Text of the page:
Ever since I can remember the need to write has been as necessary as the need to breathe. As a troubled teen I’d view the world around me through prose, a running commentary of my life and the many messes I found myself in streaming through my head in a dissociative manner of observation which psychologists with career ambitions would have given their eyeteeth to discover and study on their couches.
The practicalities of everyday life created diversions and made me arm myself with skills which, at times, overshadowed the need, but never really made it go away. Whenever I could I would get down ideas, stories, snippets of narratives, dialogues, descriptions and character situations. I travelled, over twenty years across three continents and four countries, trailing in my wake notes, notebooks, ticket stubs hastily scrawled over, chocolate bar wrappers with an idea, audio tapes with thoughts and observations, booklets full of collected sayings, personal organizers filled with hastily typed memos to self.
My output was as prodigious as it was wasteful. Collections of poetry vanished somewhere between Greece and Australia, Greece and Britain and then Greece again decimated my book collection and reams of notes and story ideas vanished into the thin ether of moving countries. My writer’s brain seemed intent to simply empty itself, leave its mark in a way not entirely dissimilar to that of a fly leaving footprints across the pristine surface of a bowl of yoghurt.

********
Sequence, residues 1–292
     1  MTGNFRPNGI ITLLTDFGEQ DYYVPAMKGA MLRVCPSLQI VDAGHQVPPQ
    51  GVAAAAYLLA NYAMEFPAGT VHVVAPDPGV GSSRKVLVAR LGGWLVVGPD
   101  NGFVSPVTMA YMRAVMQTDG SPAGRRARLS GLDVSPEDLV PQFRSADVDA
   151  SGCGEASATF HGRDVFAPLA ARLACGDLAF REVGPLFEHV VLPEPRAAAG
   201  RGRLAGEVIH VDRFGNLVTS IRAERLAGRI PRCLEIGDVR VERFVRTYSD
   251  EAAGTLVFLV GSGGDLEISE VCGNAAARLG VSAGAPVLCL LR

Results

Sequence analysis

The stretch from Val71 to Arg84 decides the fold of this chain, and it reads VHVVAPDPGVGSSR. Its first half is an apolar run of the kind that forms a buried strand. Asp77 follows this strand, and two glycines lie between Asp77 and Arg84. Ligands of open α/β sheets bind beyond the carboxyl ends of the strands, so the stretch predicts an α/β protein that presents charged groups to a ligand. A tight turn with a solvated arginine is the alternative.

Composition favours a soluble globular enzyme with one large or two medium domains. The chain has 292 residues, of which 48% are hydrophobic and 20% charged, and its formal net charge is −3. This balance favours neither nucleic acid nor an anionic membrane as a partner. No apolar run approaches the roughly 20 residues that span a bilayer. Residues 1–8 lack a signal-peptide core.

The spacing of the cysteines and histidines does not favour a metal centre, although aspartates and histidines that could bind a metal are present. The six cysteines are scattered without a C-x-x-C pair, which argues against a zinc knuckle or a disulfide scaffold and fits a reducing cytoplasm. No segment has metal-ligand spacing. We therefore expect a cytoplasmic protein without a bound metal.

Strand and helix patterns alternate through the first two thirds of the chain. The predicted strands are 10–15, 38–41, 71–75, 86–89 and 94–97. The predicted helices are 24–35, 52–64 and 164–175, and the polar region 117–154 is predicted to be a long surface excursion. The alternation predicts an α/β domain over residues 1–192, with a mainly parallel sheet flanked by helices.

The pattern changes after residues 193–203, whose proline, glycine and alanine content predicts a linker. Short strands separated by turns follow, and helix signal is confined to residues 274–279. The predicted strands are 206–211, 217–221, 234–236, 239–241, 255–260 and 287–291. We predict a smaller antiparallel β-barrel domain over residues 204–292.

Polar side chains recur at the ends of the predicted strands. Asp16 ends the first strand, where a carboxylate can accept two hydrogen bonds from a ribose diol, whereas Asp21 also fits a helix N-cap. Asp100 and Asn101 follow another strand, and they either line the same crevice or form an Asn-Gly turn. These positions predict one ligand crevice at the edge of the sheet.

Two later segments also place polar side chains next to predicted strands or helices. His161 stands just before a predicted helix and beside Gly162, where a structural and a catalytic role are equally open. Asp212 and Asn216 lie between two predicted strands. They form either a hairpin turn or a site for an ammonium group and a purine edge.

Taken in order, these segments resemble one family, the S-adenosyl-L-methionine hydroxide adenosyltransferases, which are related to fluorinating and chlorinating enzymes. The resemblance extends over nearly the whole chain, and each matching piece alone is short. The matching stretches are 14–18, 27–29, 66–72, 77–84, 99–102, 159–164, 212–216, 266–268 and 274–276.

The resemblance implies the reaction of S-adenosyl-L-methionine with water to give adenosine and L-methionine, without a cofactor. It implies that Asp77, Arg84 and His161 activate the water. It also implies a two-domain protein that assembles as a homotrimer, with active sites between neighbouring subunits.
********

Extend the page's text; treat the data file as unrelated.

On the way my other skills developed in tandem. I learnt to manage people, run companies, set up processes, create online campaigns, manage company profiles, administer entire corporate policies and all the while, in the background the scribe watched, saw, noted, silently recording. Angry at myself for not writing more I stopped scribbling, not because I was blocked but because I was not productive. It’s not the same as not writing. In the meantime I built up an impressive volume of work across newspapers and magazines, non-fiction books and booklets (some mine and some written for others), websites and magazines.
That writing was not the same but it worked. It made living feasible.
I am now writing again, stealing time from sleep to get down what I want to get down. We live in a time where there is a perception that reading is under attack. Fewer books published, fewer people buying books, maybe even fewer people writing.
I don’t buy any of this for an instant. The web has made more of us read more than ever. We just don’t read paper. We have each become more literate, more knowledgeable and more able to understand the written word than at any other time in our history. For me the written word has a magic beyond its etching on whatever medium. It is code which unlocks part of our mind and transports us (depending upon what you are reading) to either a more knowledgeable plain or a magical world. It is the means through which our civilization preserves the past so we have collective memories greater than an amoeba’s. The adventure, far from over, has only just began. How far it goes depends upon writers .. and readers.